“Obviously, if you rush things too soon then you might have complications, you can aggravate the problem, and then you can ultimately require more missed time," Dodson said. "So we always tell patients and coaches to make sure you follow instructions to a 'T' because the last thing you want is an aggravation or a complication and then now you’re missing more time than you would have had you done things the right way.”
For NBA coaches, that can mean limiting travel, scouting or practice time. In Charlotte, cardiologists told Clifford he could attend practices, shootarounds or games, but not all three. Similarly, Kidd and Kerr spent time around their teams without taking on the full burden of coaching right away.
“My patients, I have to constantly stay on their back and make sure they’re doing the right thing,” Dodson said. “Because they’re champing at the bit, so to speak, to get better but also to resume their lifestyle and resume that routine that has helped them to often times keep successful jobs and deal with things.”
With someone like Kidd, who has spent his entire life as a player or coach, that process is tough. “You miss the game,” Kidd said, “not being able to sit there and be at practice, the routine of being with the coaches and going through the game plan. It’s hard because of the excitement, the competition that you miss. Also, understanding that this is a time for your body to heal. So the more that you can save yourself from the stress, the more your body will heal. So it’s a balance.”
Once coaches return full bore, there are other delicate balances to consider, as constant travel and the grind of an 82-game season can weigh you down. Teams typically play three or four games per week, but coaches are also charged with watching their own team and studying upcoming opponents.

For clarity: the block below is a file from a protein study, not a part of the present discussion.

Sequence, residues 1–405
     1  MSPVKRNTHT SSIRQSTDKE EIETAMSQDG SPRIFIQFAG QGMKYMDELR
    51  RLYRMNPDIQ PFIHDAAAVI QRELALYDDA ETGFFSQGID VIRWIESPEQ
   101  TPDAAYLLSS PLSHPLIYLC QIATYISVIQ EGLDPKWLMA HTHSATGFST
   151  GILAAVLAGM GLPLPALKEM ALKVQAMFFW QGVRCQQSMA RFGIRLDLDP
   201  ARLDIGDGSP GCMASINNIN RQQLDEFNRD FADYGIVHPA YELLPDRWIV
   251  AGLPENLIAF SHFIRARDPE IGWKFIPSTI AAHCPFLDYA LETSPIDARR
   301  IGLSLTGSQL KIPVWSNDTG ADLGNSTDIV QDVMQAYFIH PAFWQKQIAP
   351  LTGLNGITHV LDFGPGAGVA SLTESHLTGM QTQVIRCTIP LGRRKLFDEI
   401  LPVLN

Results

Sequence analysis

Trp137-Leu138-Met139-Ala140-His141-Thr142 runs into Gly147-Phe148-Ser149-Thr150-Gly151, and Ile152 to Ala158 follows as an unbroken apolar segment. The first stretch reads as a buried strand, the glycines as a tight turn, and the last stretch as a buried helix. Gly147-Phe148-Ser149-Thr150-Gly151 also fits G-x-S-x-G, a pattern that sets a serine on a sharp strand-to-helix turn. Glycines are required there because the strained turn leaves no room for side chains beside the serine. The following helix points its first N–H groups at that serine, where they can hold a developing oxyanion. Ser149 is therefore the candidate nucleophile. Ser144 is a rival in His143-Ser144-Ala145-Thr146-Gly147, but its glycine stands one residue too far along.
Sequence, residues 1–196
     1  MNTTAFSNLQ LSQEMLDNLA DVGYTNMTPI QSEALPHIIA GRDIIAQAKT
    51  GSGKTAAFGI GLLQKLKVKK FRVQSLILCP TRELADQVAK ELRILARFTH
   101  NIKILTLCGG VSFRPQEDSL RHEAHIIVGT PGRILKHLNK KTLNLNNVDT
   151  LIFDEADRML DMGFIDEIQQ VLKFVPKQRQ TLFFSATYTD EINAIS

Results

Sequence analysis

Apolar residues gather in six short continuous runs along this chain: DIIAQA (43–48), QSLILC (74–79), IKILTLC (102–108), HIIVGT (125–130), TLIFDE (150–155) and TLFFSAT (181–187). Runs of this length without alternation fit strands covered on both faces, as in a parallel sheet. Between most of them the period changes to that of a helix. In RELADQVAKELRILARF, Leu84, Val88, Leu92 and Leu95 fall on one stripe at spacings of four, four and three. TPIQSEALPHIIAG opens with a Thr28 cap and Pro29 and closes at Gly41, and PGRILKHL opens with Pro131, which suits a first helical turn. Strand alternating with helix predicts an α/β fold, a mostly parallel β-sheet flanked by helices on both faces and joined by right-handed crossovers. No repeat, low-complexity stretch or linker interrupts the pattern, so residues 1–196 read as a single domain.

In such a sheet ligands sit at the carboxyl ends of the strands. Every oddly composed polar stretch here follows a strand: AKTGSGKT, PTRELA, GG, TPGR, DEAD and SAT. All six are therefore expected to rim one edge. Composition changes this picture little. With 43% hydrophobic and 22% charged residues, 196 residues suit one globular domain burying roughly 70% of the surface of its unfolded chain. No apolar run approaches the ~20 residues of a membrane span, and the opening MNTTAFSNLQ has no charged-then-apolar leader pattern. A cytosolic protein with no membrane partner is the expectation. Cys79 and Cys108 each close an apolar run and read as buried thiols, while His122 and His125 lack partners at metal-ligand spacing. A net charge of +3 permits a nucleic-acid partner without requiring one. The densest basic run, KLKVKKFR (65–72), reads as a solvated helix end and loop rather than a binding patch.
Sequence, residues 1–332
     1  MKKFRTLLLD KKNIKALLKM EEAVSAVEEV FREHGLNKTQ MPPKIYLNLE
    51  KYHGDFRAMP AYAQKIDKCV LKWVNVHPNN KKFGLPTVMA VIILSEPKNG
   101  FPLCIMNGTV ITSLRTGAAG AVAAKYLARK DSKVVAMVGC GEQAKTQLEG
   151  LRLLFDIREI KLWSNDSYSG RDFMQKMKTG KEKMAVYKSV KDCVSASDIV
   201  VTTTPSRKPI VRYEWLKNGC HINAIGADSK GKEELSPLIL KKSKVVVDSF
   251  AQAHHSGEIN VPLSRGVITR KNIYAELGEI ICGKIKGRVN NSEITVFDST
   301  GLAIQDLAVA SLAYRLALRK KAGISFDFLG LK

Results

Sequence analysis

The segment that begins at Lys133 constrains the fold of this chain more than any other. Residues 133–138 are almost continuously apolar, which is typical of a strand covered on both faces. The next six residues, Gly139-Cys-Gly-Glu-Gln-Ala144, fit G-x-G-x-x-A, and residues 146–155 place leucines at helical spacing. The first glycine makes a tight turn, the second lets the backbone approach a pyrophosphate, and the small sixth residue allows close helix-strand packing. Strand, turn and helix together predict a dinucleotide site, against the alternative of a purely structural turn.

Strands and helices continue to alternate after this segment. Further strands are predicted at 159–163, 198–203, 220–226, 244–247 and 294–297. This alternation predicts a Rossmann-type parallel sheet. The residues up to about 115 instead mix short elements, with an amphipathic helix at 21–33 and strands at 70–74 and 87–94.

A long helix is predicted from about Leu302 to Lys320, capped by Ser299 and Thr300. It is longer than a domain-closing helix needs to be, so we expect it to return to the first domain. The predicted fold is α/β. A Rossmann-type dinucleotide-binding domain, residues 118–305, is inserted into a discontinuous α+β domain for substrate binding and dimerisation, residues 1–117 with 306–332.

And while this is not always front of mind, there is also the added pressure of working in a profession with low job security. David Blatt, Derek Fisher, Kevin McHale, Lionel Hollins and Jeff Hornacek have all been fired this season alone.
“You can see all the coaches that are being fired," Kidd said. "So you got to do what’s best and you’re going to be judged based on winning and losing. So you try to do your best and hope that you’re at the top of the mountain or you find your team having success. But there’s a fine print that sometimes things don’t work out, and we all know that taking the job.”
That said, the job is not without its rewards, as Clifford is quick to point out. There are reasons coaches are always eager to return from injury or find their next job, and those benefits vary. In Kidd’s case, the chance to see young players improve on a daily basis weighs heavily. Clifford gets to watch a star like Kemba Walker take strides forward. And Kerr is allowed to return to the best basketball team on the planet.
“There are many good things about what we do and then there are some difficult things," Clifford said. "This is a profession where, if you’re looking for affirmation every day or people to tell you how good you are, it’s not the way to go. You’re paid to not just play well but win. There’s a lot that goes into that. That’s part of the challenge, but there’s just so much good to coaching in this league that in my mind it definitely outweighs the difficult part.”